Pain is a big problem. More than 20 percent of American adults live with chronic pain. Seven percent say that their pain limits their work and social lives.
Every person should know about pain management as it is possible to control severe pain through a number of regimens.
What injections and medications can a person take? How can psychological therapy help with physical pain? What are non-traditional measures that chronic pain management doctors are looking into?
With the answers to these questions, you can pursue new pain therapy today. Here is your quick guide.
Injections are minimally invasive treatments. They provide medicines that can help soothe pain in a number of areas. Depending on the kind of pain you experience, you can receive several different types of injections.
The epidural space is the space between two layers in the spinal cord. If one layer swells, a person can experience back and nerve pain.
Epidural steroid injections deliver steroids into the epidural space. They can reduce inflammation and bring down swelling through time.
Another solution may be Botox. Many people know about Botox for cosmetic purposes, but it can help with chronic pain relief as well.
Botox can block neurotransmitters, which carry pain signals into the brain. This prevents signals from reaching nerves in the head and neck, helping reduce migraines.
Joints are where bones, muscles, and nerves meet. A lot of things can cause joint pain, including aging and medical conditions like multiple sclerosis. Joint injections can decrease inflammation and restore mobility while reducing pain.
If you are afraid of needles, you can always take medications, pending allergies. Doctors are becoming more mindful of the addictive properties of pain relief pills so they are safer than ever.
Opioids are best for short-term pain and there are better options for chronic pain.
Ibuprofen is ideal for people suffering from rheumatoid arthritis. It is a non-steroid medication, blocking the body’s inflammatory response.
Antidepressants are most commonly used for people who have depression. But it can help with chronic pain too.
Some people with depression experience muscle pain or stiffness. They can take antidepressants for their emotional and physical symptoms.
People who don’t have depression can take pills for nerve damage and regional pain, namely in the face or pelvis. It takes some time to feel relief, so antidepressants are best for people who face long-term discomfort.
Anti-epileptic medications can also help. They are best for people who have nerve pain, including from diabetes and shingles. Talk to your doctor about the potential side effects of any medication you want to take.
The body and mind are closely connected. When the mind is focused on pain, it can make the pain feel worse. Chronic pain can cause anxiety, depression, and inability to pay attention.
Talk therapy helps patients identify thoughts and feelings that are related to their physical pain. Patients track their thoughts through conversations, journaling, and other means.
Once they identify negative feelings that may trigger pain, they can embrace several solutions. The therapist can help them come up with chronic pain management strategies. These can be steps like taking a deep breath or stretching.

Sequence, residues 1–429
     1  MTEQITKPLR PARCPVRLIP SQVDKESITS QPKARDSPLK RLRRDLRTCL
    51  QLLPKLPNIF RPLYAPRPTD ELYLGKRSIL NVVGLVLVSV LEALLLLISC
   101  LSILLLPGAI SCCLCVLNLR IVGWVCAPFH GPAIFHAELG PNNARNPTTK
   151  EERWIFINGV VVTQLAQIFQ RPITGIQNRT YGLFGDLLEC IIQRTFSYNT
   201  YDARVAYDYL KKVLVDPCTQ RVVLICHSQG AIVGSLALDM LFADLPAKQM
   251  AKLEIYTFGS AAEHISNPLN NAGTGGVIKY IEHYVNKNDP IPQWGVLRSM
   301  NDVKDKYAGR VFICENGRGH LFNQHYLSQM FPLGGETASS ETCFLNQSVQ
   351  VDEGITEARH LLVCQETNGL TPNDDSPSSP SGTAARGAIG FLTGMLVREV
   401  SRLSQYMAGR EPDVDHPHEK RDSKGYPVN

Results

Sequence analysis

If thoughts trigger physical pain, therapists can help their patients replace their ideas. When they feel a lack of confidence, they can focus on thoughts that build their self-esteem.
Acceptance and commitment therapy helps patients focus on their personal values. They develop ways of carrying those values out.
If they believe in giving back to the community, they volunteer at soup kitchens and local libraries. By embracing positive actions, they make room for positive thoughts in their minds.
Talk therapy can also include meditation, since looking inward or visualizing something in their mind’s eye can shift a person’s attention away from their pain.
Many people have heard of physical therapy, but few people know what it exactly is. Exercise therapy is a new and important regimen within physical therapy. It is a regimen of activities that improve mobility and reduce pain.
The activities do not have to be labor-intensive. Walking helps the back, hips, and legs. It can strengthen the muscles and tendons, decreasing pain.
You can use several tools to decrease discomfort while you are working out. Cold packs reduce blood flow to muscles and joints. This can reduce inflammation and swelling, allowing tendons to move.
Acupuncture uses thin needles that therapists insert into the skin. It is a common treatment in traditional Chinese medicine, which leads some people to believe it is pseudoscientific.
But the National Institutes of Health asserts that “a number of studies suggest that acupuncture may help ease [chronic pain].” You can take acupuncture with other forms of therapy, including injections.
Acupuncture works by stimulating nerves and connective tissue. The nerves detect the needles and send signals, so the brain delivers painkilling hormones. The hormones diminish the pain from the needles and any inflammation in the area.
Acupuncture works best for osteoarthritis, knee pain, and headaches. It also may work for pain caused by cancer treatments.
You must know about pain management in order to deal with chronic discomfort.
Find ambitious pain management doctors to deliver these new solutions. If you live in Arizona, contact Integrated Pain Consultants today so we can answer all your questions and discuss the best treatment plan for you.